Oakwood teachers’ union: Expanded in-person classes raises COVID risks



OAKWOOD – The Oakwood teachers union head said the district’s decision to return soon to full-day, in-person instruction will increase COVID-19 risks for most students.

Oakwood Teachers’ Association President Jay Lane said the action announced Sunday to expand face-to-face classes starting March 15 will double the student population in school buildings, tighten social distancing in classes and likely increase coronavirus quarantines, impeding student academic growth.

Lane’s comments to the Dayton Daily News Wednesday about Oakwood’s change are a departure from the 147-member union’s practice of not differing publicly with the district’s administration. He said the district’s weekend decision was unexpected by many in the OTA.

“We were surprised by it – the timing of it,” Lane said. “And our concern is for the academic progress of with the potential for increasing quarantines” and students’ health “in situations where social distancing has been reduced.”

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Oakwood Superintendent Kyle Ramey said Wednesday in an email the administration has “a very open and collaborative relationship with our teachers’ association.”

Ramey said “this decision was shared with staff, families and our community as soon as it was finalized.”

Lane said district leaders and the union have had ongoing conversations, and “have worked together for six or seven weeks” on the issue.

He spoke to Ramey – and two board of education members – “over the weekend once the decision was changing from what we thought was going to be.”

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Lane said “there is no easy decision to make here…The teachers were hopeful that we would maintain our schedule. We’ve had a good year. We’ve made good progress with our students. We know that our community – in a number of places – would like to see us full time.”

The OTA had plans to meet virtually Wednesday night and “have a conversation related to potential action. I don’t know that there’s going to be any. That’s not something we typically engage in,” Lane said.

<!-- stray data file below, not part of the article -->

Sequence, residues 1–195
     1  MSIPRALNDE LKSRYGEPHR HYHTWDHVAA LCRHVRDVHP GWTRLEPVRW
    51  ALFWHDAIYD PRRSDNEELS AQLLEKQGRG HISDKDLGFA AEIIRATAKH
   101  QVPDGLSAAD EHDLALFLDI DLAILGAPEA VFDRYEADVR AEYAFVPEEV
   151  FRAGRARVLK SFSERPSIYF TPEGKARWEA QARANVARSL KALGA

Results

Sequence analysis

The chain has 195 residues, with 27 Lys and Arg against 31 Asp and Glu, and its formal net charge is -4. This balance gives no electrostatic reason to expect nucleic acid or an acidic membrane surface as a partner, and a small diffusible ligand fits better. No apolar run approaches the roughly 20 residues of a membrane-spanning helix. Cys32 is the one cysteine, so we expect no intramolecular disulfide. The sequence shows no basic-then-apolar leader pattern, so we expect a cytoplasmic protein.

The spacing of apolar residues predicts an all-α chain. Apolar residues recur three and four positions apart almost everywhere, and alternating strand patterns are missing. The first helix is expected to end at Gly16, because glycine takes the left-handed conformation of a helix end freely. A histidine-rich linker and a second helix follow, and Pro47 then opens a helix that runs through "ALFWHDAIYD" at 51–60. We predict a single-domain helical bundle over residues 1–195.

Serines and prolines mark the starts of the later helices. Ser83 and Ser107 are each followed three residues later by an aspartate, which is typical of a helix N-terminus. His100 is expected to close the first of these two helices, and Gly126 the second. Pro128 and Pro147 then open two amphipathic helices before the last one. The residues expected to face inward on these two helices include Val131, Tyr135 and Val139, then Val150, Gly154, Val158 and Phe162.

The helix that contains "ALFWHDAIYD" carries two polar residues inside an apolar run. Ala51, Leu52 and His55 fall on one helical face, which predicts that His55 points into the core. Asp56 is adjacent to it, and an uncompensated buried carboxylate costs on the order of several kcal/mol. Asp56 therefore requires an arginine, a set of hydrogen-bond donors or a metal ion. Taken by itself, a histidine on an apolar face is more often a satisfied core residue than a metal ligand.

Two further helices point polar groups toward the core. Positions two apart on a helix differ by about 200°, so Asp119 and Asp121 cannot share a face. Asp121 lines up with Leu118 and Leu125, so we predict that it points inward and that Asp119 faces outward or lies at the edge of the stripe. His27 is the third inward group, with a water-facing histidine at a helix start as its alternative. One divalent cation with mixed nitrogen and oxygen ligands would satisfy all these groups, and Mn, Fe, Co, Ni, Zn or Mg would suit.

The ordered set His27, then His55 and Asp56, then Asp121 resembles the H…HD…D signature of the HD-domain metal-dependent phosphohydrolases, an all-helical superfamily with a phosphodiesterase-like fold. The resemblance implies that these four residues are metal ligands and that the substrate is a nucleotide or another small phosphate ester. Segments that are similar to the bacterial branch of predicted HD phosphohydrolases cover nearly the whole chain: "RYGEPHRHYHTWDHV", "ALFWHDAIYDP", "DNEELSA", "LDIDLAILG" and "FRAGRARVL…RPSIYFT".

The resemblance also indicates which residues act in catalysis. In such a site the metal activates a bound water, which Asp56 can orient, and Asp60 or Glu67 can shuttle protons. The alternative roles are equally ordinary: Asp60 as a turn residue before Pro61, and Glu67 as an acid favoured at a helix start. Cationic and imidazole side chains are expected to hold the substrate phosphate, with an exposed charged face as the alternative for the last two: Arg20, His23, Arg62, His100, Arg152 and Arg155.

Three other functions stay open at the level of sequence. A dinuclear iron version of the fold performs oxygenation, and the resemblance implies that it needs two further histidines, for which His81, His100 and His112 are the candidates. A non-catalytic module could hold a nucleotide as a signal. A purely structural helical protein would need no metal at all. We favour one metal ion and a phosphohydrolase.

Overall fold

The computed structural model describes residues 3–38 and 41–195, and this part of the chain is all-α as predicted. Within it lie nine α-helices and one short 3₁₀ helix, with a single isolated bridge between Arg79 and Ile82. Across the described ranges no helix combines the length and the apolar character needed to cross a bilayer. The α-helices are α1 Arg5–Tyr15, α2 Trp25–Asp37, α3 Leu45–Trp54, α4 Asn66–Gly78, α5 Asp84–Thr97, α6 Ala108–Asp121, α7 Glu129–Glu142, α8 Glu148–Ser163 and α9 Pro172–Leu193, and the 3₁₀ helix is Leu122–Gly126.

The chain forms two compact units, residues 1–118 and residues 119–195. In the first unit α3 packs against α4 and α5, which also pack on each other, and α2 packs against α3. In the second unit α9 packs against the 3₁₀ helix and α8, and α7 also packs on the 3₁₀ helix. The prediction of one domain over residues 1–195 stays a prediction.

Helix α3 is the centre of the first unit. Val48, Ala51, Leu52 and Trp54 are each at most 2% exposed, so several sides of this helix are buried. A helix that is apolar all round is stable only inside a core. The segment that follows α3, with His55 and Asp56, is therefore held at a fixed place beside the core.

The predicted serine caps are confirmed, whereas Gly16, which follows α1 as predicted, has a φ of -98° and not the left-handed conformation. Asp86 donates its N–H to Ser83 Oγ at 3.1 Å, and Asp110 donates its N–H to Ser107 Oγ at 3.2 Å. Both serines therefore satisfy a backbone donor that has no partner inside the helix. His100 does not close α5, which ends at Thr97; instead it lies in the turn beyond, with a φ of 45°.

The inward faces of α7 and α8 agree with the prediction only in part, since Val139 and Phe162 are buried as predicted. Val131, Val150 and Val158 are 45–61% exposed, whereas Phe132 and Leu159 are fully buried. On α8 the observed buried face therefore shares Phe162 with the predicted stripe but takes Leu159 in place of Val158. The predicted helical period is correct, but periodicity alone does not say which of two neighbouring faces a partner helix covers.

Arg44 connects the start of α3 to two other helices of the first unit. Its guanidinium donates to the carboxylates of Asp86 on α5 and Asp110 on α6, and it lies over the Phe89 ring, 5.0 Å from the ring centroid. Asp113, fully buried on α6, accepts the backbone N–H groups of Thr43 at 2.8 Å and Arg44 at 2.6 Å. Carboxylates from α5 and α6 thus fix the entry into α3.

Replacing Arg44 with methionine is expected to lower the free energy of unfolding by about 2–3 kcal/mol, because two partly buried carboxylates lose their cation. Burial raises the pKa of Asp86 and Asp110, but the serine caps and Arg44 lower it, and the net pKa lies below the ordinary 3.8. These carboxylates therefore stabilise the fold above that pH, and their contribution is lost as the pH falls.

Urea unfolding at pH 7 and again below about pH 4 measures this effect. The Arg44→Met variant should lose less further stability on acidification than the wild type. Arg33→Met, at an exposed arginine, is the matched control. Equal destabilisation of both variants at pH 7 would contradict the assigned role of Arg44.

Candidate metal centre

“What we don’t want to do is disrupt our student learning,” he said. “So whatever action we take will not disrupt student learning. It is important for us to try to do our best to continue the academic progress of our students through the fourth quarter.”

Since early this school year, the vast majority of Oakwood students have chosen the option of half-day, face-to-face instruction five days a week, Lane said. That schedule was working for both teachers and students, he added.

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“We’re not speaking out against the decision,” Lane said. “But we want the students and community to know that this decision puts students in a position of a higher-risk category and we want to re-enforce the message that it becomes that much more important for protocols to be followed.”

Ramey said the district’s “building administration, support staff and teachers will continue to practice the protocols that have allowed us to be successful so far this school year. We have enjoyed the relative stability we have experienced since August.”

Under the new plan, Ramey agreed that “social distancing will lessen, which may increase quarantines. However, with the changes in quarantine recommendations, we still believe we can maintain three-foot distance between students in most classrooms.”

With Oakwood’s spring break set for March 29 to April 2, Lane said it is imperative that parents and students who travel out of state “be vigilant” in locations where mask mandates have been lifted and where COVID-19 variants have been reported.

“Teachers are lucky. We’ve been vaccinated,” he said. “We have an additional layer of protection…Our concern is for students and keeping them healthy so they have a good fourth quarter.”

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